Real Quiet, who was nosed out of becoming racing’s 12th Triple Crown winner, died Sept. 27 in a paddock accident at Michael Jester’s Penn Ridge Farm near Harrisburg, Pa. The 15-year-old son of Quiet American was examined at the University of Pennsylvania School of Veterinary Medicine's New Bolton Center.
“He broke five cervical vertebrae from C-5 through C-9, which is basically from his withers to his head,” said Jester, who served as stallion manager.
"I asked our stallion manager Chuck (King) what happened when he took Real Quiet to the paddock, and he said the horse walked toward his water, stood out in the middle of the paddock, and looked across the field to some mares on the hill like he always does. He wasn’t out there five minutes when it happened. He had to have reared up, slid, and fell on his left shoulder, and his left shoulder blade drove into his cervical spine area and fractured the vertebrae, which is how New Bolton described it.
“We walked around in the paddock after it happened, and there’s not a skid mark or anything like that. He wasn’t close to the fence. He was right in the middle. He was a smart horse, in great shape, and never did anything stupid.
“Either on the racetrack or as a stallion, Real Quiet always performed at the highest level. He will be greatly missed."
Purchased at auction for $17,000 by owner Mike Pegram, Real Quiet engaged in a contentious battle with Victory Gallop in all three Triple Crown races. Ridden by Kent Desormeaux in all three events, Real Quiet defeated Victory Gallop by a half-length in the Kentucky Derby (gr. I) and by 2 1/4 lengths in the Preakness Stakes (gr. I). In the Belmont Stakes, Real Quiet led by four lengths at the eighth pole but succumbed to Victory Gallop’s relentless drive and was beaten a nose. Despite not racing again that year, Real Quiet was voted champion 3-year-old male.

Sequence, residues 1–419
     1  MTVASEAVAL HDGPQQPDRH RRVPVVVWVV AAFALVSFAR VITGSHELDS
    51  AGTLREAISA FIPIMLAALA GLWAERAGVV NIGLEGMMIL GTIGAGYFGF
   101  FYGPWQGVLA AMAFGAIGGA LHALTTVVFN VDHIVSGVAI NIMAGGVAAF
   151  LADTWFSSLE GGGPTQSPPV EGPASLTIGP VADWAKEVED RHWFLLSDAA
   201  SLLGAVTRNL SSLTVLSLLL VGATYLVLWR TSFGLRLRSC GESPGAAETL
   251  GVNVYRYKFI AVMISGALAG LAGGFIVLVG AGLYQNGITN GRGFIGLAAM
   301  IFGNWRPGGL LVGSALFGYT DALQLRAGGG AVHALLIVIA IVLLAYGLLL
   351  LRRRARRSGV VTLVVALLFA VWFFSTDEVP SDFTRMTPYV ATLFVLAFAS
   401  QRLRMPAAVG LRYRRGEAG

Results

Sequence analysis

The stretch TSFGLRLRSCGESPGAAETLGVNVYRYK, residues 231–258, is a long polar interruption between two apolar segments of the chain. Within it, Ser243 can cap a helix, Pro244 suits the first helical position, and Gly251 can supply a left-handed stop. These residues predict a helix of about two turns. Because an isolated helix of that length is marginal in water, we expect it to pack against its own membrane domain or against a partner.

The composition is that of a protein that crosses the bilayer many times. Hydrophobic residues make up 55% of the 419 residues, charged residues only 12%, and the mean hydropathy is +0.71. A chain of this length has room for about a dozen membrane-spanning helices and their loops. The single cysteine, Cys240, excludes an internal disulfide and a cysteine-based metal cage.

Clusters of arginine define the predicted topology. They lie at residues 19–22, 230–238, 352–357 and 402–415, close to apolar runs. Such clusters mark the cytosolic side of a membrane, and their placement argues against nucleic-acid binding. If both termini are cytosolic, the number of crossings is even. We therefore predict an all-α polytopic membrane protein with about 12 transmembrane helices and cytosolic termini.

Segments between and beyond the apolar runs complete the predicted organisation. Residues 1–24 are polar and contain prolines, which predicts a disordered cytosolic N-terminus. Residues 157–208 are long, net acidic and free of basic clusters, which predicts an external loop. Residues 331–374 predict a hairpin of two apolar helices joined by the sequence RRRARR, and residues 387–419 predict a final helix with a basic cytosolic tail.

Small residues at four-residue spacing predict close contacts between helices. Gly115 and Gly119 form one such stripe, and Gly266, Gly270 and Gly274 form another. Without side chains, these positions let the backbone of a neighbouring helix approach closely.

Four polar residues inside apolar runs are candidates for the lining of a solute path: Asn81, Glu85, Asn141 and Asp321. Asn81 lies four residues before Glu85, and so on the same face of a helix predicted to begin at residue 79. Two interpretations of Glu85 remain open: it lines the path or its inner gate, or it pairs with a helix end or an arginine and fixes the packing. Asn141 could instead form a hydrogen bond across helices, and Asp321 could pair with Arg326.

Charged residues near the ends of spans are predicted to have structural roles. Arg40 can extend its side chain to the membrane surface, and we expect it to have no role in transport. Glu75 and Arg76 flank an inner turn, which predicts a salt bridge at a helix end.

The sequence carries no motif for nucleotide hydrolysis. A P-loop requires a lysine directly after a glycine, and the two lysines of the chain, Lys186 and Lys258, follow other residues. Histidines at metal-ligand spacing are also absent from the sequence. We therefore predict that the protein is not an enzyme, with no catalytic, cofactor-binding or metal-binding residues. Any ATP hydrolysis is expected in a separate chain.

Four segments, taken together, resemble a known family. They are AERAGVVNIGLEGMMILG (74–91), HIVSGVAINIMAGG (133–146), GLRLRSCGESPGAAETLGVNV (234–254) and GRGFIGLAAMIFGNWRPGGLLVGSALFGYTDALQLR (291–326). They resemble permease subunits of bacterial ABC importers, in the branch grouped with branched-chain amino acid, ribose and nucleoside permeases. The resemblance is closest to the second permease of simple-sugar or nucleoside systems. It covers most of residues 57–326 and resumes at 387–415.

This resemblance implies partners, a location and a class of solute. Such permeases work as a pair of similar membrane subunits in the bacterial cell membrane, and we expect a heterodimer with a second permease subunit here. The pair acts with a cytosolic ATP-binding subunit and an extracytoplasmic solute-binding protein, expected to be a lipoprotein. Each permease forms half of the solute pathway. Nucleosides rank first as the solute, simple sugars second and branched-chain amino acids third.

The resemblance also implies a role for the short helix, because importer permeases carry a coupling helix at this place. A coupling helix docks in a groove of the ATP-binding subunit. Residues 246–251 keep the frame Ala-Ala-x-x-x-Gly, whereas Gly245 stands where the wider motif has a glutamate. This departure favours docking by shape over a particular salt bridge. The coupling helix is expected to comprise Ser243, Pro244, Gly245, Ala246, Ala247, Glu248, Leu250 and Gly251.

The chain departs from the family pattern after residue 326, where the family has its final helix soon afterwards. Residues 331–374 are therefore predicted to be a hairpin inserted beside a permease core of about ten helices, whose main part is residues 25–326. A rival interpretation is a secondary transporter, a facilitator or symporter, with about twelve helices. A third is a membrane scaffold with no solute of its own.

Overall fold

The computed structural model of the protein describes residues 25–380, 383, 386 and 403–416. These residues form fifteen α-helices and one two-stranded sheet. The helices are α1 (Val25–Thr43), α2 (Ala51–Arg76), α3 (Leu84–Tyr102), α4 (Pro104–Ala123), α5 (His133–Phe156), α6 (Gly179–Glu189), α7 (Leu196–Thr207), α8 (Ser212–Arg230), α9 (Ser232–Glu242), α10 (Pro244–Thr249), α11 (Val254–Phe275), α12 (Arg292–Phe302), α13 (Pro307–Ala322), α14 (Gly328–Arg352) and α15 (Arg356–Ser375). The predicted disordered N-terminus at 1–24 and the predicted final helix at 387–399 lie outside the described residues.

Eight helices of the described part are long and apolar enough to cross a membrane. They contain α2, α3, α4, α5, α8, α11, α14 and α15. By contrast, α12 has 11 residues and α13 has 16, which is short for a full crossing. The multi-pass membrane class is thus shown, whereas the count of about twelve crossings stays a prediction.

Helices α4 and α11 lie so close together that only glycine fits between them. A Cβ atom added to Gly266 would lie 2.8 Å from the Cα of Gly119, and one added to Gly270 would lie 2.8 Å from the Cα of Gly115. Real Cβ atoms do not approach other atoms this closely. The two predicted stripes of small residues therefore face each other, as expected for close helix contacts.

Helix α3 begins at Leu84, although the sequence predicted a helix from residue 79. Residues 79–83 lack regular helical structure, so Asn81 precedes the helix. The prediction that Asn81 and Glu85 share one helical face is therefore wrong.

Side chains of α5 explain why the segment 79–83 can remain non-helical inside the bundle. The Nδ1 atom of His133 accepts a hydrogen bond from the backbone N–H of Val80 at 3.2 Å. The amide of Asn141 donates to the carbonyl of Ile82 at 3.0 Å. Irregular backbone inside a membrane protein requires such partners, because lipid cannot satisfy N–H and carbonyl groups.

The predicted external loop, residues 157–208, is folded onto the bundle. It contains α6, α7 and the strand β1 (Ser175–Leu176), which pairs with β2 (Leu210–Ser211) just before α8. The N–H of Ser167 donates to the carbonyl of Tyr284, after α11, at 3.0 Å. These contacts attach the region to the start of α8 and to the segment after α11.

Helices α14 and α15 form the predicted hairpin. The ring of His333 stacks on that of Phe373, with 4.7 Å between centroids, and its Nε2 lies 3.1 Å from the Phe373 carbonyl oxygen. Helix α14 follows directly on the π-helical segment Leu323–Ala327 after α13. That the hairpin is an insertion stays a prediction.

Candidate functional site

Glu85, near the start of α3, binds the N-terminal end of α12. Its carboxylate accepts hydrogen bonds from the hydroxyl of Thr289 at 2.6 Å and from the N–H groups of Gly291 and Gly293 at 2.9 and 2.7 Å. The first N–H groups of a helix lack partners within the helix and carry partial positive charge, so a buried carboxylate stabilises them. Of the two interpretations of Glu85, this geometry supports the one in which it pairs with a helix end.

Trained throughout his career by Bob Baffert, Real Quiet also was a grade I winner in his two other years of racing. At 2, he won the Hollywood Futurity (gr. I) while still eligible for non-winners other than. As a 4-year-old, he captured the Pimlico Special Handicap (gr. I) and the Hollywood Gold Cup Handicap (gr. I). Shortly after the Gold Cup in June, Real Quiet suffered a fractured sprint bone in his right front leg and never raced again. He had won or placed in 17 of 20 starts and earned $3,271,802.
Real Quiet entered stud for a fee of $25,000 in 2000 at Vinery Kentucky near Lexington. George Hofmeister’s Highland Farm had purchased the breeding rights in Real Quiet the month before the Kentucky Derby. Hofmeister had bought majority interest in Vinery, owned by Ben P. Walden Jr. and his wife, Elaine.
Real Quiet later stood at Taylor Made Stallions in Kentucky and at Regal Heir Farm and Pin Oak Lane Farm, both in Pennsylvania, before heading to Penn Ridge. Real Quiet also shuttled to Australia and Uruguay.
Real Quiet has sired 15 stakes winners and the earners of $18.1 million. His best runner, Midnight Lute , who raced for Pegram and partners and was trained by Baffert, was voted 2007 champion sprinter after winning the TVG Breeders’ Cup Sprint (gr. I). Midnight Lute captured the Sprint the following year when it was sponsored by Sentient Flight Group. Real Quiet’s other stakes winners include three-time grade I winner Pussycat Doll and Coaching Club American Oaks (gr. I) winner Wonder Lady Anne L.
Bred in Kentucky by Little Hill Farm, Real Quiet was produced from the Believe It mare Really Blue.